For many Americans, trying to get those washboard abs, or at least trim down the size of that spare tire has become an obsession. CBS News Saturday Morning's fitness expert Bonnie Kaye explains how.
Having strong abdominal muscles doesn't just look good, it's helpful for your back, too. For the best results, you'll need cardiovascular exercise, weight training, a healthy, low-fat diet, and of course, the right ab moves.
When thousands of fitness instructors from 65 countries recently gathered in Las Vegas for the 1999 World Fitness IDEA Convention, they learned that they can crunch it, twist it, pulse it and squeeze it. But if they're not doing it effectively, the exercise is a waste of time.
Exercise physiologist and researcher Len Kravitz of the University of New Mexico explains the correct way to work those abs. "A lot of videos say they have the best order," Kravitz said. "But if you really look at the research, you know that the best order is a spontaneously changing order, so that you constantly shock the muscles in a different way, and they will respond better."
Next, Kravitz suggests pressing the heels into a chair for better ab isolation. Pushing down on the chair actually contracts the back of the leg. This contraction in the back of the leg inhibits or lessens the effect of the front of the thighs. So you know what has to do the work? The abdominal muscles.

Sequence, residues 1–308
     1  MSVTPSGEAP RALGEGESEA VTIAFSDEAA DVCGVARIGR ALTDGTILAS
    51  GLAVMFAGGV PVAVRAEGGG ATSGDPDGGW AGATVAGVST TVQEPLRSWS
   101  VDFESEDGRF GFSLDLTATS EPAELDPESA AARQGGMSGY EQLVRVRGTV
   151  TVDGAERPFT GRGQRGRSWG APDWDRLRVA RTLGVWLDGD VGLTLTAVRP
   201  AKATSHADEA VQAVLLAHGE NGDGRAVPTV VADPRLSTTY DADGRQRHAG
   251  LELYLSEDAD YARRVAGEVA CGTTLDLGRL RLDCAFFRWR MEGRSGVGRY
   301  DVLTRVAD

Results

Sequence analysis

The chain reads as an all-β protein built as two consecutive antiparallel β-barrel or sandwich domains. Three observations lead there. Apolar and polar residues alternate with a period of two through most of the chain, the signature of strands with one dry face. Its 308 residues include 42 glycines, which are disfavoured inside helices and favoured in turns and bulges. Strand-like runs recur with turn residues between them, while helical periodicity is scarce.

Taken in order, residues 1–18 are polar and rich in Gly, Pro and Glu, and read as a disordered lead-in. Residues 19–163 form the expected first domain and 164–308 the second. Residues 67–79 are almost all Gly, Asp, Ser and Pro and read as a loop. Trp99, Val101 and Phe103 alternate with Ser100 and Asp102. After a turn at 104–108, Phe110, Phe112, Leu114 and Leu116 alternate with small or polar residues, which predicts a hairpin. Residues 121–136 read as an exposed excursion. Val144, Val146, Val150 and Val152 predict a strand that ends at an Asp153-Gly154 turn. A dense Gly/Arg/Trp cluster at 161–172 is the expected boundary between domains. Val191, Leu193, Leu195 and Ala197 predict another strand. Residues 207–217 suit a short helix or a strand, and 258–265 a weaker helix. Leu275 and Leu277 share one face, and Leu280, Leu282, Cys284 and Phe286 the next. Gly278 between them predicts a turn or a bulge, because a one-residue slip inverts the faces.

And when it comes to the number of repetitions, it's quality, not quantity that counts. Just two basic exercises will cover the ab bases. First, the basic ab crunch will tone your middle abdominal region, or rectus abdominis, which runs from the rib cage to the pelvis.
Next, torso twists will target the waist area, or internal and external obliques, which wrap around the waist and attach to the muscles in the lower back and play a key role in preventing back pain.
Remember to do the exercises slowly, with good concentration to the point that you feel comfortably challenged - as few as 10 to 15 repetitions for most people.
And contrary to popular belief, it is not necessary to exhale at the point of contraction, as done, for instance, during weight training, which is an all-out exertion at near maximal effort. Ab work is a submaximal, continuous exercise, where normal breathing is preferable.
A few beginner's tips that will help you perform a better ab crunch. First of all, keep the lower back flat against the floor, relax your head and neck into your hands but don't pull up on your neck.
A good way to avoid that temptation is to cross your arms on your chest, or extend out the arms by your sides. If you have a sore neck, use a towel to help cradle your head for comfort.
Even though you will hit most of the muscles with this basic crunch and the torso twist, add a third, simple exercise to target the lower region of your rectus abdominis. Bring one knee to the chest at a time, then both knees toward he chest, concentrating on contracting the very lower part of the abdomen.
To learn more about the 1999 World Fitness IDEA Convention, go to www.ideafit.com. The conference gathers fitness professionals to exchange ideas and share the latest workout trends.